Task priorities in non strictly real-time systems

I have always worked on non real-time systems, i.e. when the reaction of the system to an event should occur in a reasonable time. For example, when the user presses a button, a motor should start rotating. If the motor starts after 100us or 100ms is not so important.

I never used RTOS, so the architecture of my firmware is based on "superloop technique" (background tasks running in the loop and interrupts).

while(1) { task1(); task2(); ... }

All the tasks don't block, ever. As a rule of thumb, I accept a block time of maximum 100us-1ms. When the task needs to block for a greater amount, I try to implement it as a state-machine, avoiding blocking.

The ISRs are very lightweight: they only set/get some flags or push/pop a byte to/from FIFO queues. With 32-bits MCUs (modern Cortex-M MCUs), I can change 32-bits variables (mainly the ticks of the system) in ISRs without caring of race-conditions that could occur on 8-bits MCUS when the background tasks access the same variables.

In the past I used this architecture with success even in medium-complex systems featuring Ethernet, lwip, mbedTLS, USB and touchscreen (emWin).

Sincerely I think this architecture is good enough for all non real-time systems, so I don't understand why to use a RTOS in those cases. However I need to use a RTOS (FreeRTOS) for the next project, because it is one of the requirement. It isn't a real-time system, but the RTOS is required.

I think I can convert my architecture to RTOS by creating a task for each of the function I call in the superloop and starting the OS scheduler. However now the task function can't return, so I can write it in the following way:

void task1_main(void) { while(1) { task1(); } }

task1() can be the *same* function of the superloop architecture.

I can assign each task the same priority: in this case, FreeRTOS will use round-robin scheduling, giving all the tasks the same opportunity to run.

Is it correct?

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RTOS's have their advantages and disadvantages. They can make it easier to guarantee particular timing requirements for high priority tasks, but make it harder for low priority tasks. They can make it easier to write individual tasks, but harder to write efficient inter-task data sharing. They can make it easier to modularise and separate the code, but harder to debug.

An RTOS is /not/ necessary for real-time coding. Conversely, an RTOS can be useful even when you don't need real-time guarantees.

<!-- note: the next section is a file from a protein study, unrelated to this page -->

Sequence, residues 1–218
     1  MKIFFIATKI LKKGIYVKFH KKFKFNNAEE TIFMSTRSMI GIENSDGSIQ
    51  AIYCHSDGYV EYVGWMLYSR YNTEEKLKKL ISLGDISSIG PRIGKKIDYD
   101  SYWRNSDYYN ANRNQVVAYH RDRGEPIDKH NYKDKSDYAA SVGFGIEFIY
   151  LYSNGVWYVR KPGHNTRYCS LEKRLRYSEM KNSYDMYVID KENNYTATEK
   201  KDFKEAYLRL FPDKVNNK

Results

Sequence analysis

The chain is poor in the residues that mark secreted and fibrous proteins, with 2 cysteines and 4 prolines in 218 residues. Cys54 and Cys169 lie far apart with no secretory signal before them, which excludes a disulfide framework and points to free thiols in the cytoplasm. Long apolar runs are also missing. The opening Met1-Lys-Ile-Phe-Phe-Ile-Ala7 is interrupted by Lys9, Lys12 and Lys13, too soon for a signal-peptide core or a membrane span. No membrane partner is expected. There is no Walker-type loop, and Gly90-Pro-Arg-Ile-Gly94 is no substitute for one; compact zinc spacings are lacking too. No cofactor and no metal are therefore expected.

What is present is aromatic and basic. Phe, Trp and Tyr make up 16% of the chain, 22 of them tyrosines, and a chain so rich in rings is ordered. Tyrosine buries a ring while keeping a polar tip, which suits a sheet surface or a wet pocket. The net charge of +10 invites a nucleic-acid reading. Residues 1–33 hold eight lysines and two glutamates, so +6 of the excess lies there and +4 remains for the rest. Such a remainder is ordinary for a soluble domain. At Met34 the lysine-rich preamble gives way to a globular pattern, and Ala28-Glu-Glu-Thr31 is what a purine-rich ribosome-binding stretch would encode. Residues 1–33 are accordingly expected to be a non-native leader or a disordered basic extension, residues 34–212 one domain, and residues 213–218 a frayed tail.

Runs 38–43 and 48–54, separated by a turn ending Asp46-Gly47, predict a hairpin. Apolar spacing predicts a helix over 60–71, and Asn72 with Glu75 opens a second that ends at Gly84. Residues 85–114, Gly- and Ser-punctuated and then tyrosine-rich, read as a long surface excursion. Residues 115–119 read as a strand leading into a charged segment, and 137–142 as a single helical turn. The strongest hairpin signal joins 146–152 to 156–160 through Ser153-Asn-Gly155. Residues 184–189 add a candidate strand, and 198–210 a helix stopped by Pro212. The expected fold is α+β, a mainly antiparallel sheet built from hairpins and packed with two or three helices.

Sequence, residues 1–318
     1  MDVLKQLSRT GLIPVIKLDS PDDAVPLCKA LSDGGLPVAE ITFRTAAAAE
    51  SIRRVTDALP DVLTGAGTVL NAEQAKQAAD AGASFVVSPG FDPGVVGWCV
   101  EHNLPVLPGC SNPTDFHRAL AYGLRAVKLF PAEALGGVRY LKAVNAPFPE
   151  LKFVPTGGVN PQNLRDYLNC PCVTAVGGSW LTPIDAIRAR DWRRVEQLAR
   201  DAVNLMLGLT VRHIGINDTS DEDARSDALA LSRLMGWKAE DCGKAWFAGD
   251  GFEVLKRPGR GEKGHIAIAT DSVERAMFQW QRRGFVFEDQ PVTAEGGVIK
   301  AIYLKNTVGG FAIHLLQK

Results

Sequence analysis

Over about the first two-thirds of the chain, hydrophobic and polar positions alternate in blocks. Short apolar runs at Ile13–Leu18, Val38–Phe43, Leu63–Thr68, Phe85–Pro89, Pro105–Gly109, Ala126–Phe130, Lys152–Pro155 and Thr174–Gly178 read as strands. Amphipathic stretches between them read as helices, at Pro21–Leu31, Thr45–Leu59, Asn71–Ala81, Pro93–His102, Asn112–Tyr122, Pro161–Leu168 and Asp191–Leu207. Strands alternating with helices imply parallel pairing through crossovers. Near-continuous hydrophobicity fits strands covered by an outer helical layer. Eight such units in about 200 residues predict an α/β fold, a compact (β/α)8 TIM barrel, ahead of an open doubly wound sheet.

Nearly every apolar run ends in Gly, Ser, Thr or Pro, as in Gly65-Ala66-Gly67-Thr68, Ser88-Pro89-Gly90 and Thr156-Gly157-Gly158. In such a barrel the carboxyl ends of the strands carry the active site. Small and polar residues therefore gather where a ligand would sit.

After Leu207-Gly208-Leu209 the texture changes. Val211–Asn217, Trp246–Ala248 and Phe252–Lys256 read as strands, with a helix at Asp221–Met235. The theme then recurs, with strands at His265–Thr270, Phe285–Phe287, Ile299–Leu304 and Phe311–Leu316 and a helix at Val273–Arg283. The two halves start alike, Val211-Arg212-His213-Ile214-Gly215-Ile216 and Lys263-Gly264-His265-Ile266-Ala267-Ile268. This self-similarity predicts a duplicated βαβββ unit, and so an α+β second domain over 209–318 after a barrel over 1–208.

You might be better using cooperative scheduling and :

void task1_main(void) { while(1) { task1(); taskYIELD(); } }

With cooperative scheduling, you know exactly when the current task can be changed - it can happen when /you/ want it to, due to a yield or a blocking OS call. With pre-emptive scheduling, you will have to go through your existing code and make very sure that you have locks or synchronisation in place for any shared resources or data.

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David Brown

... which can complicate the task's logical design, of course. That is the penalty you pay for the sequential-super-loop design.

And the same (state-machine) approach has to be used if a task contains some long sequential computation that must be divided into shorter stages (in which case the state-machine approach can have a much worse impact on the task's design). Again, that is the price...


A much simpler solution is to create *one* task that contains the

*whole* superloop.

An RTOS does not *require* multiple tasks.

Probably not.

If your task() functions have some interactions through data (variables), your superloop design probably assumes that the functions are called in a certain order, or at least that they do not pre-empt each other.

I am not very familiar with FreeRTOS, but to get round-robin scheduling of tasks of the same priority you probably have to insert "yield" points in the tasks (as David Brown's message explains) or you have to enable a pre-emptive time-slicing round-robin scheduling.

Neither approach gives you a predictable ordering of the task calls, and the time-slicing approach moreover allows the functions to pre-empt each other, which probably messes up the data-flow of your program.

If the superloop design gives you sufficient performance and reactivity, just encapsulate it in a single task.

Niklas Holsti 
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Niklas Holsti

This is why I prefer to code in an HDL where parallel tasks all run concurrently with no swapping of memory or sharing of resources. Life is so much simpler that way and systems are so less trouble prone.

  Rick C.